Box 1. Common values of nursing, palliative care and physician‑assisted suicide
- A focus on the importance of reducing human suffering, with a rejection of suffering as a positive redeeming value.
- A concern that end-of-life care should not reduce human beings to the biological and result in neglect of the patient as a complete person.
- A focus on the importance of control by the patient at the end of life.
- Recognition that a ‘good death’ is possible.
Source: Hurst and Mauron (2006)
Difficult questions must not be ignored. Discussions on end-of-life care need to be based on thoughtful discourse not emotive stories.
So far, the opinion of nurses in the UK has been assumed from opinion polls rather than good-quality empirical research. This leads to poor representation and manipulation of these opinions by those holding strong views.
For example, while Lord Joffe quoted the Nursing Times survey result showing that two-thirds of nurses believed euthanasia should be legalised, he did not mention that just over one-third believed nurses should be allowed to assist patients (Hemmings, 2003).
The majority of nurses need more information before they can make an informed opinion; qualitative data is required from all professionals who may be involved in PAS, as well as from carers, patients and the public.
Researching such a legally and ethically sensitive subject is challenging. Volker (2004) suggested the design of studies on assisted dying will warrant careful consideration.
Participants involved in such research are vulnerable if they discuss illegal practice and values that are personal and sacred. Researchers are at risk from knowing about illegal acts which could oblige them to report participants.
Findings could be misinterpreted and misrepresented by those with agendas that are contrary to the researcher’s scientific aims. However, conducting and disseminating quality research is part of working in a scientifically robust manner (Volker, 2004).
Nurses and patients need to have higher expectations from care and symptom relief and negative connotations around dependency need to be challenged (Bissett, 2004; Wright, 2004). This is particularly important given the reasons above for nurses being unable to provide a ‘dignified death’ (Hemmings, 2003).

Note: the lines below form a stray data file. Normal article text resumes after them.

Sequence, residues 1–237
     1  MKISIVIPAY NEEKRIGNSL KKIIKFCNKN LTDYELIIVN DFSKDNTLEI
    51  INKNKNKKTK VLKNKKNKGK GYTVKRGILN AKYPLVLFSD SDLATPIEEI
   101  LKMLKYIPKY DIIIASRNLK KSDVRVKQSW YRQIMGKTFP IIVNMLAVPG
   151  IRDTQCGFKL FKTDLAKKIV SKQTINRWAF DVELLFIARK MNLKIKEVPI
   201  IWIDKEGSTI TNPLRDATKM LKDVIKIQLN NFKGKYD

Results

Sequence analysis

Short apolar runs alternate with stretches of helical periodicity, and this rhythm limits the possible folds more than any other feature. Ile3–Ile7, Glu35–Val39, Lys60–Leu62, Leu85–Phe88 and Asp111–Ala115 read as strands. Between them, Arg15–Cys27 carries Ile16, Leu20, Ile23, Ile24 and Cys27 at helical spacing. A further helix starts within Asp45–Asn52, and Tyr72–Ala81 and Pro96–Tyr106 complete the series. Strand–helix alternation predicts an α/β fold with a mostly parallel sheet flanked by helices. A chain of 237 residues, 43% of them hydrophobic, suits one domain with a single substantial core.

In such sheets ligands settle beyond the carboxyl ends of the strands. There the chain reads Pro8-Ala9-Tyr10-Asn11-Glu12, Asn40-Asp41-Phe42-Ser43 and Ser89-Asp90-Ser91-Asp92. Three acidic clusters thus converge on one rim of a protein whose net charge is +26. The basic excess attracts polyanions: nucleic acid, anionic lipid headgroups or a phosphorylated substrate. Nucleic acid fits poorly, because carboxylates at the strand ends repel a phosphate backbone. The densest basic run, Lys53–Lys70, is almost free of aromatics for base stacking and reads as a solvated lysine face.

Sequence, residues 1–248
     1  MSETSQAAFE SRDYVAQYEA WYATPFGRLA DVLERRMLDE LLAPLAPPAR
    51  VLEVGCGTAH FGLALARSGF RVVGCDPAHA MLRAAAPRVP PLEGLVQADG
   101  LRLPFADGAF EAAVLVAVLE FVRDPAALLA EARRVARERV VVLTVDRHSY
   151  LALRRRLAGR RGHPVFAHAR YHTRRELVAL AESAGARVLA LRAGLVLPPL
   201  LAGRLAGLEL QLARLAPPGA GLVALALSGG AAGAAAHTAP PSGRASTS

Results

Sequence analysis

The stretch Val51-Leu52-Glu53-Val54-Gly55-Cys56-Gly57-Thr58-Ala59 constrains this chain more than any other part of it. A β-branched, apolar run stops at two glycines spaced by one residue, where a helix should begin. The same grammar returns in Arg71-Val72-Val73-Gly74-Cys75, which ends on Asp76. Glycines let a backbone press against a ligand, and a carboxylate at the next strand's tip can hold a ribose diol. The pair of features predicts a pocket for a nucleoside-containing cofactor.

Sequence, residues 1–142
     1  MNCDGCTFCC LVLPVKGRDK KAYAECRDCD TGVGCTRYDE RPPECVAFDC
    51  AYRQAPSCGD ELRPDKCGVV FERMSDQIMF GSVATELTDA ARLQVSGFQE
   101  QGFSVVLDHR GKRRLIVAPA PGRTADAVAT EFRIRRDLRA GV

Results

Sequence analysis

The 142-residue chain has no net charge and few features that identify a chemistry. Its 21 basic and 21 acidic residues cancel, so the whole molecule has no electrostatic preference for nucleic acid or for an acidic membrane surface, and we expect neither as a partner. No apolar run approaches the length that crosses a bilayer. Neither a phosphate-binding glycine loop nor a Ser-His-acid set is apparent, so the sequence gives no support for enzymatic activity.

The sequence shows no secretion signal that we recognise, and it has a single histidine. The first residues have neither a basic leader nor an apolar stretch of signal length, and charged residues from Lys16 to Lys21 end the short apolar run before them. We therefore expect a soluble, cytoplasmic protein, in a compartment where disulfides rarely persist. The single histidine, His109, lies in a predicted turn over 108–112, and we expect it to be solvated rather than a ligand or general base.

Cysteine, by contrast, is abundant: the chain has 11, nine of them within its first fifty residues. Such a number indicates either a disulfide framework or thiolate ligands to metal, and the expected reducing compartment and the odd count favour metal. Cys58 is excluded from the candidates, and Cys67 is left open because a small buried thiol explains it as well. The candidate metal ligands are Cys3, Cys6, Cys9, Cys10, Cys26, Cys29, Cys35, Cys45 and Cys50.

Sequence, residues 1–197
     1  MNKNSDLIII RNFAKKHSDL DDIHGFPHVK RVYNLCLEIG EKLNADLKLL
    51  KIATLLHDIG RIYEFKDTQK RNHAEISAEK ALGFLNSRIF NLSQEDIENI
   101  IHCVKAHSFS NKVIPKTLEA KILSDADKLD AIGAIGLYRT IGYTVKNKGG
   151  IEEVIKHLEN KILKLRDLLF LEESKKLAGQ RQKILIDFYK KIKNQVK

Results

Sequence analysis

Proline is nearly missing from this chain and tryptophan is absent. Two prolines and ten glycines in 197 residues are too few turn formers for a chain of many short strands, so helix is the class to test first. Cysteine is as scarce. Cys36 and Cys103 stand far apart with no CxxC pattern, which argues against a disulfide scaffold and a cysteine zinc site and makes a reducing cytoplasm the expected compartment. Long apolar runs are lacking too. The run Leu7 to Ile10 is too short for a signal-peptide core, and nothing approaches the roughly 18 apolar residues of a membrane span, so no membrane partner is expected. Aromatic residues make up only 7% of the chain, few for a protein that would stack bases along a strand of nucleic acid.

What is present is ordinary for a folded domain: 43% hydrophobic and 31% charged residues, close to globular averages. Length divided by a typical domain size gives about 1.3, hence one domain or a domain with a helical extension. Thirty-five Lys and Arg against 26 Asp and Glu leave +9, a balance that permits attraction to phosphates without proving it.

End-of-life care is challenging; discussion around the subject of death can be fraught with difficulties and anxieties (Bissett, 2004). Patients request euthanasia for reasons relating to life experiences, not just medical problems (Mak et al, 2003). Unpicking the reasons rather than taking them at face value will require sensitive and skilled communication.
Education is therefore vital. Nurses need skills in palliative care and communication; they need to know the limitations in care that lead to suffering.
Until end-of-life care is practised to a high standard, regardless of location and specialty, it must be difficult to support assisted dying as an ethical option.
The nursing profession needs to be educated beyond the emotional representations of PAS and must examine the issues affecting nurses and society. Until they have an understanding of their legal, ethical and educational obligations around PAS, nurses will be unable to make informed decisions and risk being manipulated by those with strong opinions.
If PAS is legalised, nurses will inevitably be involved and nurse educationalists will need to ensure that assisted dying is on the curriculum; the practical, legal and ethical implications will need to be fully understood by nurses regardless of specialty, experience and seniority.
Further research is required into the legal, ethical and educational issues around PAS. Nurses need to be aware of how the legalisation of PAS could affect their profession. Open and informed debates around the ethical issues will raise the profile of end-of-life care. l